… those in the housing debate who are focused solely on supply seem to miss the current contours of the market they so desperately want to unleash: the influx of massive amounts of global capital has turned certain real estate markets into a speculative asset, driving up the value of land and housing and making affordable housing less, and not more, viable.

During the pre-crash mortgage boom, the prevailing view was that easy credit and lax lending standards would help poor households achieve the American dream of owning a home. Now, the breakneck construction of housing for wealthy people is touted as the improbable solution to affordable housing for everyone else. But today’s market mostly works for those who can pay. Too many Americans are straight-up broke. Global investors are ravenous. The rent is, indeed, too damn high.

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  1. High end housing in good locations close to parks, ocean or top universities is the new gold. Better than gold actually as it can be lived in and is tough to replicate. Nothing wrong perhaps with owning it or as a city, promoting it.

    But, do we monetize it enough for the benefit of local residents living nearby ?

    Why don’t we tax it more, both the transfer, the possession and the eventual sale ?

    Why are land transfer taxes only 2% on such condos or houses in Vancouver ? Why not 7% like PST, or 12% (GST + PST) as it is consumption, or 1% per $1M up to $15M i.e. 15% like in Hongkong or London now ? Why are property taxes not higher as those folks owning it often do not pay any income taxes here, yet do consume services such as healthcare or education.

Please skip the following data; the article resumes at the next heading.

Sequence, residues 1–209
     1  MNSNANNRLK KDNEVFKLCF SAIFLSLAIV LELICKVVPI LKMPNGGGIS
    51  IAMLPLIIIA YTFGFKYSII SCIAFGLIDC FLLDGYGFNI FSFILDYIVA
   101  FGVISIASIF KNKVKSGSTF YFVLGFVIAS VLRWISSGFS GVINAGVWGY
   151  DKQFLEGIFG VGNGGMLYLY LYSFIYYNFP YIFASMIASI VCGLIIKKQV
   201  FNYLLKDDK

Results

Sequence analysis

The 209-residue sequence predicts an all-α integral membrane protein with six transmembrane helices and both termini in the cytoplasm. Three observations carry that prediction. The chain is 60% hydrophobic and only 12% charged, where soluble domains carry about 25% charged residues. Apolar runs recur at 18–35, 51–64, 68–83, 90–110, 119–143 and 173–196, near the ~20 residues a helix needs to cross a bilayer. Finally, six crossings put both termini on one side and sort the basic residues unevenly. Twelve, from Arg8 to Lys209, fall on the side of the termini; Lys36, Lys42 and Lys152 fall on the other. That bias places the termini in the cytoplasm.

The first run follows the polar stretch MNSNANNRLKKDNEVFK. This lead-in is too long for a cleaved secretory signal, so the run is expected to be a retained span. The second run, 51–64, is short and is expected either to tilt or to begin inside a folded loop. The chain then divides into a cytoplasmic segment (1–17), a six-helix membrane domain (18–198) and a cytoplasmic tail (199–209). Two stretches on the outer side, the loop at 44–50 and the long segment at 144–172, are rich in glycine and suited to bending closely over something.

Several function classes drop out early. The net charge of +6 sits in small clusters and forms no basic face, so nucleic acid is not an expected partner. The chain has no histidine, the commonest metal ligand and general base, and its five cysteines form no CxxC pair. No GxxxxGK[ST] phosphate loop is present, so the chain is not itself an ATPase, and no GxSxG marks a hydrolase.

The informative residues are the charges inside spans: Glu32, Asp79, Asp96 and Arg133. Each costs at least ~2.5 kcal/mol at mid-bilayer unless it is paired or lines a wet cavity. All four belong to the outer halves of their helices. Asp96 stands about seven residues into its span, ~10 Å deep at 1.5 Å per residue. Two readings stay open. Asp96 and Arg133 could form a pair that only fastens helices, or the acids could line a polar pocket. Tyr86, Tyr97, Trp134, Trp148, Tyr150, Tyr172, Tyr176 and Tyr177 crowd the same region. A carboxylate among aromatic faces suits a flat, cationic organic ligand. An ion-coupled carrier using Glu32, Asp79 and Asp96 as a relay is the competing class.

Do we tax the gain on an eventual sale adequately, or at all ?

  2. Like any good article title, this one is both catchy and misleading. The article admits that adding only luxury units does little to increase overall supply – largely because these types of buildings don’t add nearly enough supply for the existing demand. Adding A LOT of supply and/or providing widespread rent protection (for renters) are currently the only answers there are to improving affordability. New taxes on foreign investors will add some $$ to the city coffers but it will not deter the rich from buying property.

    You could get draconian and limit property purchases to Canadian residents or citizens, who must then sign binding clauses guaranteeing they are not acting on behalf of a third party and that they agree to actually reside in the property they purchase. That might slow things a bit. But if you don’t add a lot of new units, you’ll just be shaking your fist at a cloud; wishing things were different and looking for scapegoats.

    1. Why should you deter the rich from buying property ? Why not monetize it better, FAR BETTER, for ordinary Canadians, for example through higher property, land transfer and capital gains taxation ?

      Much tax leakage here in Canada. Let’s not stop immigration nor investment by the very affluent here – just MONETIZE IT BETTER.

      Vancouver sells its scenic beauty, clean air, ocean front location, glorious sandy beaches, decent weather, good schools, good enough healthcare system, mountains, safe streets and world wide accessibility far FAR too cheap !